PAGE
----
After the frustration and political wrangling of the Walcheren campaign, Captain Hugh Kelly is missing Roseen but is relieved to be back at sea under the command of a man he trusts even though the situation in Tarragona is more complicated than it appears. Lieutenant Alfred Durrell is keen to put his family troubles behind him, but an unexpected encounter in London has left him feeling unsettled.

On shore, two very different men face each other across the walls of Tarragona. Captain Gabriel Bonnet, a scarred cynical veteran  discovers a surprising sympathy for one particular victim of war. Captain Bruno Ángel Cortez is a former Spanish Bonapartist but the atrocities he has seen have turned him into an implacable enemy of the French.

Meanwhile in England, Faith Collingwood’s long months of banishment are ended by an event which will change her life forever.

As Suchet’s troops creep ever closer to the walls, the armies, the navy and the townspeople are swept up in a brutal conflict which ends on the bloody shores of Tarragona.

 

 

 

Here comes 2022

Here comes 2022 at Writing with Labradors, though it’s arriving a little late. Many apologies, and Happy New Year to you all. In many ways, though, the fact that I’m late with my usual New Year’s greeting is in keeping with the whole of the past year. I had such big plans for 2021 and very few of them came to fruition. Mired down in the misery of restrictions, and beset by family difficulties, it’s been a slow year here at Writing with Labradors and at times, I’ve felt like a complete disaster. Still, things are steadily improving and it’s good to look back because it reminds me there have been some highs as well as lows during this year.

#Low. Restrictions didn’t go away. Instead, we had more lockdowns and vaccine passports

#High. Vaccines mostly work.

#Low. My sister became very ill after her vaccine, and I couldn’t go to see her.

#High. She’s slowly improving, and I’ve seen her now.

#Low. Three of the five members of my family had covid at different times despite being vaccinated.

#High. None of them were really ill.

#Low. All my planned research trips were cancelled due to restrictions.

#High. Once I could travel to the UK, I organised my very own writer’s retreat which was absolutely brilliant and improved everything.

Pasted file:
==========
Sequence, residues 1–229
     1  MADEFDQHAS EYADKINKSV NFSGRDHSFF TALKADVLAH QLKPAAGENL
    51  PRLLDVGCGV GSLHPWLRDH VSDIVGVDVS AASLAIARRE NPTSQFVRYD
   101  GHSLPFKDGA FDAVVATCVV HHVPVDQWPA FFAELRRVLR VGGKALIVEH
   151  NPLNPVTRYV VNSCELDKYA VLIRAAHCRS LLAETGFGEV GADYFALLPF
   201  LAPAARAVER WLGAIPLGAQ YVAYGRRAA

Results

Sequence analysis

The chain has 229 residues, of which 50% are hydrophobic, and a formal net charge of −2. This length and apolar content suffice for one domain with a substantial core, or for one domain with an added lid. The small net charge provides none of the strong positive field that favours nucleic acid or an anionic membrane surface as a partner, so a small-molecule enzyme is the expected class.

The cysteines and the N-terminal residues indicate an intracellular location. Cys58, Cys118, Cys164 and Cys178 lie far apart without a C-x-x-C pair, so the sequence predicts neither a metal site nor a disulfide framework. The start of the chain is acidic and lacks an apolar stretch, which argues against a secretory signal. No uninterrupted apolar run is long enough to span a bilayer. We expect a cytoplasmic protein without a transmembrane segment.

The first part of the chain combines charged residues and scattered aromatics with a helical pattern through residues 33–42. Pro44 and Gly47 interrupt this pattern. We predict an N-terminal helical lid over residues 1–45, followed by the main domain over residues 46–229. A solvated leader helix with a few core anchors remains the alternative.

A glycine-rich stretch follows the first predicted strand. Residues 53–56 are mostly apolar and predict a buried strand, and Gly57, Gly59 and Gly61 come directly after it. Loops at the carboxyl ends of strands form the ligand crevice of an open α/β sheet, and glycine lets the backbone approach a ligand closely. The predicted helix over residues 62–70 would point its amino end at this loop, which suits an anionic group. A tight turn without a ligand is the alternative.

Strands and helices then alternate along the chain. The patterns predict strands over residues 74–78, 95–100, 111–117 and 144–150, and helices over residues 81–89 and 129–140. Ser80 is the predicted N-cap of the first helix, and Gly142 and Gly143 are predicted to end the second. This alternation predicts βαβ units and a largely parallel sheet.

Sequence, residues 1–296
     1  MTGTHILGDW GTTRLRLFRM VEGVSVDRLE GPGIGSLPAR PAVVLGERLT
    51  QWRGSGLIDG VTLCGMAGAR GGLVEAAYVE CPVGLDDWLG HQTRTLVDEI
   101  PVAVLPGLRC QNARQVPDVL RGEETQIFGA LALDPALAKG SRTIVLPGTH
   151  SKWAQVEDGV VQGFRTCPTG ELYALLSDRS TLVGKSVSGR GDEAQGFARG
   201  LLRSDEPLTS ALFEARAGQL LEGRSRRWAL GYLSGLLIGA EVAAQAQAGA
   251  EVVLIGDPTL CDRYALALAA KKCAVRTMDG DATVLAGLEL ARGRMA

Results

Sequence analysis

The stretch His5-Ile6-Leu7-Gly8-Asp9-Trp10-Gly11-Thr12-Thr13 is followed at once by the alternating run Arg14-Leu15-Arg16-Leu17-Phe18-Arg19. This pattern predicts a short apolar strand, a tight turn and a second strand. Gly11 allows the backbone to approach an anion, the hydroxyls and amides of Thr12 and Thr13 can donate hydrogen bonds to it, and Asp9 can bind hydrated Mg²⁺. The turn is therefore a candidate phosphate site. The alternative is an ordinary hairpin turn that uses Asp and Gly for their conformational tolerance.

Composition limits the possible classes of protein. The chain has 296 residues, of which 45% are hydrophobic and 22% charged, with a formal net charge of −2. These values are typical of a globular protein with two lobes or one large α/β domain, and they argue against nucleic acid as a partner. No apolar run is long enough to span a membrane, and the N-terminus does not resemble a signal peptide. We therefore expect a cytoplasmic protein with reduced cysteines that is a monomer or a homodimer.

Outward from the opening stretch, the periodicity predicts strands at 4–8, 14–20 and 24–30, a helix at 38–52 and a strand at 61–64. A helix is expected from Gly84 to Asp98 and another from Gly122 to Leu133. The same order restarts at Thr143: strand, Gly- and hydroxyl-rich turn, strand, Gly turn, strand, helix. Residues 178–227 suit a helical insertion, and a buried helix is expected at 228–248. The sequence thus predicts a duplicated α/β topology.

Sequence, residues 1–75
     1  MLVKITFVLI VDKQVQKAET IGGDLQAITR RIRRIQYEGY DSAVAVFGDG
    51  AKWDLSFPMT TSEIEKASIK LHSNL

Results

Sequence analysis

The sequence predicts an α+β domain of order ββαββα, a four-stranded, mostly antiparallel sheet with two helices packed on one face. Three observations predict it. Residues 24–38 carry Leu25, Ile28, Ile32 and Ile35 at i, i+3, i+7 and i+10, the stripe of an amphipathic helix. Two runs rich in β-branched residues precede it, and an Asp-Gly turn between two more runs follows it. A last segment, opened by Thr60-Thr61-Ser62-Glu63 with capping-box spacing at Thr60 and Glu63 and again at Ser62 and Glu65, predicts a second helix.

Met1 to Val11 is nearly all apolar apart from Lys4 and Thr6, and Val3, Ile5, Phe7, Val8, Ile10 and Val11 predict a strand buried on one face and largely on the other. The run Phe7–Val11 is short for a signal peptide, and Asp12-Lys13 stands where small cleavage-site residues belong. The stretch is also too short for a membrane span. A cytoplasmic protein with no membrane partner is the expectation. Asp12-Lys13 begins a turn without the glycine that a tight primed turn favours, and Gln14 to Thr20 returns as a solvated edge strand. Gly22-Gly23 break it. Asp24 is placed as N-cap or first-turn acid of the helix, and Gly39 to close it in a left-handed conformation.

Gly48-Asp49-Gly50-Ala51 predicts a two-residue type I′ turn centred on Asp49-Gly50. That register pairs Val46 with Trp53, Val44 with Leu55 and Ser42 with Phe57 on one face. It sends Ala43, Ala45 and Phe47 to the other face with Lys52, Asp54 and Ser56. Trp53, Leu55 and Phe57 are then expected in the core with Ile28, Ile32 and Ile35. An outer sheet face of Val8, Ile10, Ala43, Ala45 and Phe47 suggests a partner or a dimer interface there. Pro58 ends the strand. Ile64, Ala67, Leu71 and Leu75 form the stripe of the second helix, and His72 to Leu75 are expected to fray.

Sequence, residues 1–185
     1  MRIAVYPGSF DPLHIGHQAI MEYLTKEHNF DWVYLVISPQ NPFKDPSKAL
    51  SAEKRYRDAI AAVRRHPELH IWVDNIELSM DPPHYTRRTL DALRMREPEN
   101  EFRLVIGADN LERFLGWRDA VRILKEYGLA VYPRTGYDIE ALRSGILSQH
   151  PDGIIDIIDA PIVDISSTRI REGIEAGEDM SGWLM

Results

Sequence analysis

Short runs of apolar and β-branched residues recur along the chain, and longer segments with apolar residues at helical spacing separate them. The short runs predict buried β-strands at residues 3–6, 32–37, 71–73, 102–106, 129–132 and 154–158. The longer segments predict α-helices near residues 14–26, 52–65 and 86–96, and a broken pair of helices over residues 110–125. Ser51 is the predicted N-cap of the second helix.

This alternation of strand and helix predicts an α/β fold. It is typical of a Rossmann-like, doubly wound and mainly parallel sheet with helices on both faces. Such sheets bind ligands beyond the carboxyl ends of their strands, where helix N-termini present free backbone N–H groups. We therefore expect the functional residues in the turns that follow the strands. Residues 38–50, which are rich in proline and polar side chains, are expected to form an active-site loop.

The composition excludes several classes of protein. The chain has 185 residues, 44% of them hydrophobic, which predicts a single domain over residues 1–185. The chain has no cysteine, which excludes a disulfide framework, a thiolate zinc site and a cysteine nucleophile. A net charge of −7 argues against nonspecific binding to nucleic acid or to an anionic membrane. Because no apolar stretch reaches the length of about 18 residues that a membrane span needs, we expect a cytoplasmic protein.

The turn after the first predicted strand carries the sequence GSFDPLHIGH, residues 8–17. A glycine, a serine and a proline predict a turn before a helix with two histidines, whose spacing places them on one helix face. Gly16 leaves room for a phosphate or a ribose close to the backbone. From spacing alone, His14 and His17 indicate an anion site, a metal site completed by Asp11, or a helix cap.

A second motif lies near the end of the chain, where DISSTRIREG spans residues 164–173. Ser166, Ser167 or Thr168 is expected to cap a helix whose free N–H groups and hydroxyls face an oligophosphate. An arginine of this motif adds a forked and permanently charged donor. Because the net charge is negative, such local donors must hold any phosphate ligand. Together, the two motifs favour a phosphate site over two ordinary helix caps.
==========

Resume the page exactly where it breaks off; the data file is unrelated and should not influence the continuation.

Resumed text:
#Low. I didn’t manage to publish a book last year, for the first time since I began publishing.

 

#High. I finished book 7 of the Peninsular War Saga and it’s currently with my editor, so will be out very soon.

#Low. Writing this year has been difficult.

#High. I published my usual three free short stories this year, plus a bonus one in the spring. For Valentine’s Day, we had A Winter in Cadiz, a romance set during Lord Wellington’s brief trip to Cadiz in the winter of 1812-13. My spring story was The Pressed Man, a story of the fourteen-year-old Paul van Daan’s impressment into the Royal Navy. For Halloween, there was an Inescapable Justice, a ghostly tale of bloody mutiny set aboard a Royal Navy frigate. And for Christmas, a favourite Peninsular War Saga character discovers a new responsibility and the merest hint of a future romance, in The Gift.

#Low. I’ve been struggling with chronic pain due to arthritis, and in the current situation, there isn’t a chance of any treatment.

#High. For the first time I have published a short story in an anthology. Hauntings is a collection of ghost stories by writers from the Historical Writers Forum and came out for Halloween last year. (Yes, I did have to come up with two ghost stories in one year. Don’t judge me.) My offering, An Unquiet Dream, is a spooky tale set in an army hospital in Elvas in 1812 and features a regular minor character from the Peninsular War Saga.

 

 

 

#High. I was also asked to be part of an anthology of short stories edited by Tom Williams (author of the Burke novels and the Williamson books) which will be published this year. The story is called The Recruit and is set in Ireland during the 1798 rebellion. (I see my regulars with their ears pricking up there. “Really? Who could that be about?”)